"I landed in Hong Kong waiting for him – I don't think I even had a purse. I literally turned up at this airport waiting for this chap, hoping it was all going to be alright. Fortunately, he turned up!"
Once in Aotearoa, the go-getting Oxford graduate immediately embarked on a successful media career, which saw her become the editor of fashion magazine Simply You, before setting up her own public-relations company Blink PR.
She is now busy with three children, as well as sitting on the board for several Bay of Plenty art foundations. But the new mum gave her wholehearted blessing when Simon approached her about his campaign for National Party leader.
He tells, "We talked about it and I'm conscious that it is a sacrifice for any family, but Natalie's view was that we haven't come this far to not go for it and make a difference."
Natalie says giving birth a little more than two months ago is a good metaphor for the way the couple have always taken massive leaps of faith together.
"We just embrace things as they come," she explains. "Life is for seizing opportunities."
Despite the drawbacks of a political career that often sees the family separated for days at a time, Simon knows he is fortunate. He describes Natalie as a "superstar" for taking the lion's share of the responsibilities when it comes to the kids.
"Sometimes I go to Parliament for a break!" he jokes. "There's no doubt about it, I do love the boys dearly, but they are very high-energy."
However, he does his best to make time for his sons when he's home.
"I do feel guilty, but I know that these little guys have a very stable home life. We try to make sure we've set aside time each weekend as a family. I'm quite event-focused, so we try to do something because otherwise it's very easy to slip back into work. There's a lot of eating out when I'm at home because it's a good way to bond."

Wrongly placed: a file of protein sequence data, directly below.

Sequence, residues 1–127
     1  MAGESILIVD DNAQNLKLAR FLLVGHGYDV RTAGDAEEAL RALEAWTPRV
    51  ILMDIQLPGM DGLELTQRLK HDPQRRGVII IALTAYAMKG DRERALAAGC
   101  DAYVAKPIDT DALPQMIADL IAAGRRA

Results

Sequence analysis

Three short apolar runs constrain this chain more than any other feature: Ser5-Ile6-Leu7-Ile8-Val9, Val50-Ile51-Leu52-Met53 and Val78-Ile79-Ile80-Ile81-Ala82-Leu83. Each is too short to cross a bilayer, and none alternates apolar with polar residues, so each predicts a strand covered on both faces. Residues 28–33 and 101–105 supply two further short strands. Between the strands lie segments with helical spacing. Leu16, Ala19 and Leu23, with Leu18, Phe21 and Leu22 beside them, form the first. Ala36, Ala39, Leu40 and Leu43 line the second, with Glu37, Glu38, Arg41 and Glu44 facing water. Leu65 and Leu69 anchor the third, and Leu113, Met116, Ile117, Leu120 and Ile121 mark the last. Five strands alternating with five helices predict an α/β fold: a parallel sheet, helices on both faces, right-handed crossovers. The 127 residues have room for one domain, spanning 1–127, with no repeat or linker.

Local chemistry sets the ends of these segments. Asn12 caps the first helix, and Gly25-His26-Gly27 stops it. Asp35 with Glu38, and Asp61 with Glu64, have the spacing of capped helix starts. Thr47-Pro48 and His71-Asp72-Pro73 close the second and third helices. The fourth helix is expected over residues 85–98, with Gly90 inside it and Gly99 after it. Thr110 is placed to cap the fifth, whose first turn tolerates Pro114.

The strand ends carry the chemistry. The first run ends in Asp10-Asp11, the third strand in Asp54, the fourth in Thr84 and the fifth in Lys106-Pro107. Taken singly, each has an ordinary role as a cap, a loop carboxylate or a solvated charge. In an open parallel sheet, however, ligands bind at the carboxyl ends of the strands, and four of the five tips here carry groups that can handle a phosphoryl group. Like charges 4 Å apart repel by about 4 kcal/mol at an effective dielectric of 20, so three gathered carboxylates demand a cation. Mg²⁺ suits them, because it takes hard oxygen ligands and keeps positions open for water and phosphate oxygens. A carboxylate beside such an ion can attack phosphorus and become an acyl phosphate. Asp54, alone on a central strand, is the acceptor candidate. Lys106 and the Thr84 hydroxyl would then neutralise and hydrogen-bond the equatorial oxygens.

"When he's there, Simon is very present with the children," adds Natalie, who says the couple consult each other's timetables to reserve family time.
"While we don't have a lot of time, we really make the most of it."
The pair also treasure family mealtimes, something Simon values from his own childhood as the youngest of six children in a Baptist minister's household.
"We make sure we always have dinner together so whatever the boys are doing, we sit around and even if we're all busy and Daddy's got to go to a meeting, that's always a time where we get to chat about what happened at school or work."
The latest development in the couple's busy lives couldn't have been more perfectly timed. Natalie's parents had flown out from England to see their new granddaughter and were more than happy to take charge when she flew to Wellington to be at her husband's side for the big announcement.
It's something Natalie has considered important from the moment her husband won the Tauranga seat in 2008. "I've always been at his side as much as I can," she smiles. "I really enjoy getting involved."
And there will be plenty more things to get involved with as the couple gear up for their busiest year to date.
Simon grins, "It's been a crazy time. I believe things happen for a reason, with everything working together for good. So in a way, being in opposition, spending time with Jemima, and now this surprise leadership contest and victory, it all sort of fits together like a jigsaw puzzle."